In 1953, our family moved to the village of Wroxham, seven miles north of Norwich in the Broadland area of Norfolk, due to my father’s work. It was the year of the coronation, and at school we all made cardboard coronation coaches, and were given a commemorative mug. It was also the year of the east coast floods, and my parents would drive us to seaside villages where we would view devastated houses in which lives had been lost.
Aged eight, I was still with the little children, and now in Mrs. Shreeve’s class at Wroxham County Primary School. We recited simple poems, sang simple songs, learnt to spell, and write longer words. I was the new boy in class, and wanted to impress those who had been there forever. It was playtime, and as they gathered round to assess what a boy from the back of beyond was like, I gazed at them intensely and said loudly, “Bugger!”
Some gasped, and there followed a profound silence as they stared at me incredulously. Clearly they realised that I was no little pipsqueak from the middle of nowhere, but a man of words to be reckoned with. And to emphasise my relative sophistication, I looked them in the eye and repeated, “Bugger”. Tom Watson pointed at me and said accusingly, “You said bugger. He said bugger. The new boy said bugger.” A teacher, attracted by the silence and pointing finger, came over to see what was happening. “The new boy said ‘bugger’”, volunteered a freckle-faced lad, as if I had committed an unforgivable sin. “So did Tom”, added another. “He said bugger three times.” “New boy, and Tom. Come with me,” said the teacher, and we traipsed off in the direction of the headmaster’s study. “So, you have been swearing in the playground, have you?”, said Mr. Mattocks, making it a statement rather than a question.
“He said it first,” said Tom. “Children who swear here get the cane,” said the headmaster, reaching up to a shelf and grasping a bamboo rod. Hold out your hands. One stroke apiece, and apart from the shock that it happened at all, largely symbolic and almost a joke. But not at age eight, and no doubt a warning to all who heard about it.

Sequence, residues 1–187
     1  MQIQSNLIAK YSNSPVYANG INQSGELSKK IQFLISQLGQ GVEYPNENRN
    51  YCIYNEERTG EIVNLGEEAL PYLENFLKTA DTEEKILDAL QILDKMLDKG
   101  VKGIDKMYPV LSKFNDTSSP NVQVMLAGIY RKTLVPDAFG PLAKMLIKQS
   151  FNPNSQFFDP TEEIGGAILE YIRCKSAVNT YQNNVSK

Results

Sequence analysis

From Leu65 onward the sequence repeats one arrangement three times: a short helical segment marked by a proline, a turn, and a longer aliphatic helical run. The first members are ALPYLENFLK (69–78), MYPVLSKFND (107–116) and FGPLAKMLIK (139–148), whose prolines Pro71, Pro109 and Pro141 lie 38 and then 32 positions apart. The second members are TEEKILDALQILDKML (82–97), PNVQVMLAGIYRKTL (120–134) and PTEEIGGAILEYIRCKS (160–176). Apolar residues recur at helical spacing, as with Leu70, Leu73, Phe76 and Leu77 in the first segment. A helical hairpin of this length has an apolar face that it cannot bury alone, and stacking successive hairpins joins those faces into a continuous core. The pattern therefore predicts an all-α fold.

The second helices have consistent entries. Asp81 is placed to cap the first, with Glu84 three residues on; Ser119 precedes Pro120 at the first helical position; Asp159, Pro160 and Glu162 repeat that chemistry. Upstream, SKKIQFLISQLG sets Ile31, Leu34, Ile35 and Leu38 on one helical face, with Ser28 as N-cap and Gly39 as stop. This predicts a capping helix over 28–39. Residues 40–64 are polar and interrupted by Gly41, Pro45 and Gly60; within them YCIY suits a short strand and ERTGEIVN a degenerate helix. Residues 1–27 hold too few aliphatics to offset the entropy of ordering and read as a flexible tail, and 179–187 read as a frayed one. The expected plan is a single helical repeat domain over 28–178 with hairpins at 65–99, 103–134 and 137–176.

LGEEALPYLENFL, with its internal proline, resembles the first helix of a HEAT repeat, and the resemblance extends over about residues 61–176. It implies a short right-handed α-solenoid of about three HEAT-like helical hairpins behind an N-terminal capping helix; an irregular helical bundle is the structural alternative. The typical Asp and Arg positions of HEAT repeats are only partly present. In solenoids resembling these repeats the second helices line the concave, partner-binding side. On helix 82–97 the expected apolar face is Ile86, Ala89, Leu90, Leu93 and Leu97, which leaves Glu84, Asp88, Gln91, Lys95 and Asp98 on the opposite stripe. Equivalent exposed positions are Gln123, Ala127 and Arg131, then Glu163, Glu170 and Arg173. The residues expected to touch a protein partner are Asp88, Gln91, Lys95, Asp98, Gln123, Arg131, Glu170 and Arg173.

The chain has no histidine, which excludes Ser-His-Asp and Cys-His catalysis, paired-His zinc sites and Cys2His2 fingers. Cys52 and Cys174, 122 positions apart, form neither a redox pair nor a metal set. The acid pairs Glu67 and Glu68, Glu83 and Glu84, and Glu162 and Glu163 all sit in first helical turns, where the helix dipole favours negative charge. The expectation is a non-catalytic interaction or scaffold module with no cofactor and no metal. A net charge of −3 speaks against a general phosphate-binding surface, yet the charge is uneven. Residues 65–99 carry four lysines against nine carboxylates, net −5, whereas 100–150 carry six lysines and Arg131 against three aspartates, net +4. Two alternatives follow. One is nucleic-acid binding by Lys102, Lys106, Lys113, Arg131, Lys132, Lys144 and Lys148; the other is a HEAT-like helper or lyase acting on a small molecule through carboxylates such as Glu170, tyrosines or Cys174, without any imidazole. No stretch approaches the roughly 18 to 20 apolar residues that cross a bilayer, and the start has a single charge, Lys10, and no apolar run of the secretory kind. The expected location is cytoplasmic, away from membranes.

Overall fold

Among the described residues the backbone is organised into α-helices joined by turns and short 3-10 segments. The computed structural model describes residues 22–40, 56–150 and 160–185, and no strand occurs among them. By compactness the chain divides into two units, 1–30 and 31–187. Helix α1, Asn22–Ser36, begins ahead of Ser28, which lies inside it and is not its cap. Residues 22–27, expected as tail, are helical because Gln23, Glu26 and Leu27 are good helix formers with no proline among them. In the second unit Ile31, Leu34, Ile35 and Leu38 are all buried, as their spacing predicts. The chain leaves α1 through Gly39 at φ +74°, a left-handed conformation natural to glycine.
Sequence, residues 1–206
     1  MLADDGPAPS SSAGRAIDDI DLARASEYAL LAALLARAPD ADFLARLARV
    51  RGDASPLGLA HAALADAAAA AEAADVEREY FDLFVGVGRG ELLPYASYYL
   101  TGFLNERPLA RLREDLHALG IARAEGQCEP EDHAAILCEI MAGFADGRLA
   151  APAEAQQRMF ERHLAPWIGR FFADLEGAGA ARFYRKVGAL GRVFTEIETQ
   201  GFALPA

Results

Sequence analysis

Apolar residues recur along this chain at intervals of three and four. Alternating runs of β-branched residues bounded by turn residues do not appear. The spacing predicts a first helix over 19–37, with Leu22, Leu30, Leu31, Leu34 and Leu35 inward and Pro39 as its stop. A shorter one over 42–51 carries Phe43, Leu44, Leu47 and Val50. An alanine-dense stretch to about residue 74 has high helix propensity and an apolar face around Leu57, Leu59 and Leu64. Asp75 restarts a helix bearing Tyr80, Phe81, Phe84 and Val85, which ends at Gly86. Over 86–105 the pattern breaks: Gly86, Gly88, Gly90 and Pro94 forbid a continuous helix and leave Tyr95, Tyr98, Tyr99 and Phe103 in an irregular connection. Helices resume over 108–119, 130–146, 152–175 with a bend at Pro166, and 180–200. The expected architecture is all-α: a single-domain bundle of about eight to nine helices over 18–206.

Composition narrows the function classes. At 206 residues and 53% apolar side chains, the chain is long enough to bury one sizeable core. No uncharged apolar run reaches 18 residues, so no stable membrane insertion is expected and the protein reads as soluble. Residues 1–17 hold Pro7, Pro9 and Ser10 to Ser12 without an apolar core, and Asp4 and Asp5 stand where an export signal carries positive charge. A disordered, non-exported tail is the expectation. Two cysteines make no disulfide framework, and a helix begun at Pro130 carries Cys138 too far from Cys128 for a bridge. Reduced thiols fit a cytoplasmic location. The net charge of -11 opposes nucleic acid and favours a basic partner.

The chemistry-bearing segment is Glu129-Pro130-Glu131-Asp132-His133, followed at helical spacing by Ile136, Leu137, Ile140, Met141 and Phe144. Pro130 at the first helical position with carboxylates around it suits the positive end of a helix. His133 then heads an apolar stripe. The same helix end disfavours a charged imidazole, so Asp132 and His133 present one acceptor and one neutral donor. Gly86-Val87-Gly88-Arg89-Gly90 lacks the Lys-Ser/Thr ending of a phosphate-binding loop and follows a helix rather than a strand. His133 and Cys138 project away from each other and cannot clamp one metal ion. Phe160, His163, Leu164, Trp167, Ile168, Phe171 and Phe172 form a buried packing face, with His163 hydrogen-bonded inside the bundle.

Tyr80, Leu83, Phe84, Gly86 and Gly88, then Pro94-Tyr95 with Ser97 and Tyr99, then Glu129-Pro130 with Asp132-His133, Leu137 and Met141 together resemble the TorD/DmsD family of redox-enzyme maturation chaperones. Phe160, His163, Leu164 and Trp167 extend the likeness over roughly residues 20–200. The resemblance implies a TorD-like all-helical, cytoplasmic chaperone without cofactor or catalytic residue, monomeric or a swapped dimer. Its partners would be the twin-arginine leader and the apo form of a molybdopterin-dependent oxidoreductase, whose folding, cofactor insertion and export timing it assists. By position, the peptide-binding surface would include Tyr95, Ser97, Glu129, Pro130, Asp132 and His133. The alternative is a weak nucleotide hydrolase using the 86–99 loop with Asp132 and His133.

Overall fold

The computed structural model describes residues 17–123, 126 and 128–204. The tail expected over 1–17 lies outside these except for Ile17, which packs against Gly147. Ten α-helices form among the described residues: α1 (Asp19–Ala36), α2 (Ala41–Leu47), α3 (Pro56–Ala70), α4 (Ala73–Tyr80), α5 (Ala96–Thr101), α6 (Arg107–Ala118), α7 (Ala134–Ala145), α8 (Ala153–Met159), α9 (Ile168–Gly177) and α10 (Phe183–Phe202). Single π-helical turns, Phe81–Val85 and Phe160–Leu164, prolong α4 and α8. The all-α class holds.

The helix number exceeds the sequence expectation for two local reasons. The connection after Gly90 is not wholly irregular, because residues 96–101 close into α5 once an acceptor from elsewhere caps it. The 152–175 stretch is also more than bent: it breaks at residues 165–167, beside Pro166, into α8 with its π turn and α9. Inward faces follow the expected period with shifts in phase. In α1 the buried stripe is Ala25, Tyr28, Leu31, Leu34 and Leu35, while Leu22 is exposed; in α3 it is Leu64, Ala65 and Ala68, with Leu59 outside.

And then the contrast, the unexpected, the almost unthinkable, and from a teacher. It happened a few years later at the grammar school where a new French master arrived. He was different, relaxed and jocular. Mr. Robbins (nickname Marty, after the contemporary pop singer of that name) was known to have several children, when news circulated that his wife had given birth to yet another. At the end of a lesson, he enquired, “Any questions?”, whereupon the boldest of the bold asked nothing concerning cross-Channel verbs, nouns or adjectives, but, “What are you going to call your new child, sir?” Without hesitation, Sir replied, “Little bugger. Same as the others. Class dismissed.”
Conkers, marbles, cigarette cards, paper aeroplanes – everything had its season in the primary school playground. A conker is the seed of the horse chestnut tree, and appeared in autumn. Suspended on string threaded through a hole in the conker, we would take turns to strike each other’s conker until one shattered. After the first victory, it was a oner, and after the second a two-er, and so on. There was no neutral authentication, and those boasting a twenty-er or thirty-er were held in awe by the gullible, and suspicion by the majority. Conkers were sometimes heated in the oven, or soaked in brine overnight; everyone had their method of strengthening their weapon. Marbles was a springtime game, usually played by throwing or rolling one’s marble in an attempt to hit the opponent’s. Cigarette cards (thrown with the intention of landing on, and thereby attaining, ones opponent’s) was another springtime activity; and then some lad would make a paper aeroplane, and within days, the air would be full of them. But in less than a week we became bored with aeroplanes, and it was back to tag, or the next craze.
And the sun kept shining down.